In the darkest hour, there may be light: Works from Damien Hirst's murderme collection
Serpentine Gallery, London
25 November 2006-28 January 2007
A range of symbols spring to mind when thinking about death: the hooded figure wielding a sickle, the faceless boatman ferrying the souls of the dead across the River Styx, the watery existence ascribed to the souls in Hades' underworld and Purgatory - the quintessential departure lounge where Christian souls gather waiting to pass into eternal bliss.
However, death needn't be imagined as the process by which the self is stripped of its fleshy envelope, thereafter existing as an ethereal being. It need not be thought of as exclusively the property of humanity. A change or movement from one state to another, or the destruction of an object in order that its raw material be used for another, quite different object, can also be viewed as a death.
In its many guises, death can be seen as the central feature running through Damien Hirst's murderme collection, which has been recently showing at the Serpentine Gallery. In this show there are works in which the imagery reflects the mythical aspects of death; in others, it reflects the brutal aspect of death, as in the case of Andy Warhol's silkscreen canvases depicting an electric chair and a car crash. The inhumanness of humanity is portrayed by the delicately rendered 'Mechanic' (2006), a work by Tim Lewis, whose images of naked figures, flickering in motion, are seen to be running, one after another, on a treadmill. Some works are downright beautiful, such as Sarah Lucas's piece 'New Religion (blue)' (1999), which consists of lines of blue neon light in the shape of a coffin. Even Jeff Koons's work, 'New Hoover Deluxe Shampoo Polisher' (1980) and 'New Hoover Celebrity IV and Quik Broom' (1980), which are vacuum cleaners attached to light boxes, seem to suggest - by their very inactivity - an absence of life.
It would be wrong to think of this exhibition as being saturnine or serious; it is not. A good many works reveal a humour, however subtle, and it is this that gives the whole show its playfulness. In Nicholas Lumb's piece, 'Skipper' (2006), a pair of battered trainers lying ownerless on the floor is made to appear, by an invisible mechanism, as though they're snouting the ground like hogs.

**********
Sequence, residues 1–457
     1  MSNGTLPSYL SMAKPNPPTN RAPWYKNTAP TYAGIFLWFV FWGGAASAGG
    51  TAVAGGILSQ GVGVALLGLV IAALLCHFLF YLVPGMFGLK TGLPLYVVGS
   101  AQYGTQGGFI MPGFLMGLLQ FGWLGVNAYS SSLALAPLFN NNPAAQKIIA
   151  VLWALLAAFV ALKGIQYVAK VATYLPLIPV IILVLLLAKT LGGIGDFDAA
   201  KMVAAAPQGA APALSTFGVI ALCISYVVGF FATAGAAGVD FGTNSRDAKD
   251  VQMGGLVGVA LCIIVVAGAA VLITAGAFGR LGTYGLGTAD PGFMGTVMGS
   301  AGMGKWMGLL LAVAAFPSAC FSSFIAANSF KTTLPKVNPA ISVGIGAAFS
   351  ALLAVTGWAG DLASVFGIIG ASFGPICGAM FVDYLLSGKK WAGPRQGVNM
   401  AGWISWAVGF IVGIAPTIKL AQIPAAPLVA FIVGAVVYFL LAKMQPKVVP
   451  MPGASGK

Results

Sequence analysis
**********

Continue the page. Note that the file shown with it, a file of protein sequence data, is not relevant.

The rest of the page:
For me, one of the most evocative pieces is Michael Joo's 'God II' (2003). This is a sculpture of a man, perhaps an Arctic explorer, reclining on his back on a bed of ice. He is frozen. It's this aspect that seems reminiscent of those reports you sometimes read, in which a body is described as being yielded up immaculately preserved by a glacier some 40 or 50 years after that person's disappearance. In the words of WG Sebald, 'And so they are ever returning to us, the dead'.
The exhibition is, indeed, intriguing, not only in terms of the work shown, but also because it reveals much about the collector himself. Hirst's preoccupation with death through the processes of petrifaction, decay, physical transformation and preservation is self-evident to anyone familiar with his work. These interests form the theme throughout this collection. However, there are other qualities that arise: that in death there are aspects of sublimation, delicateness and humour intermingled. It is these aspects, once the cacophony of grotesqueness, the misery of loss and the stench of decay have dissipated, that continue to resonate.
Damien Hirst, with the help of English Heritage, is restoring the Grade I listed building, Toddington Manor, Cheltenham, with the view to housing his own work, along with the murderme collection.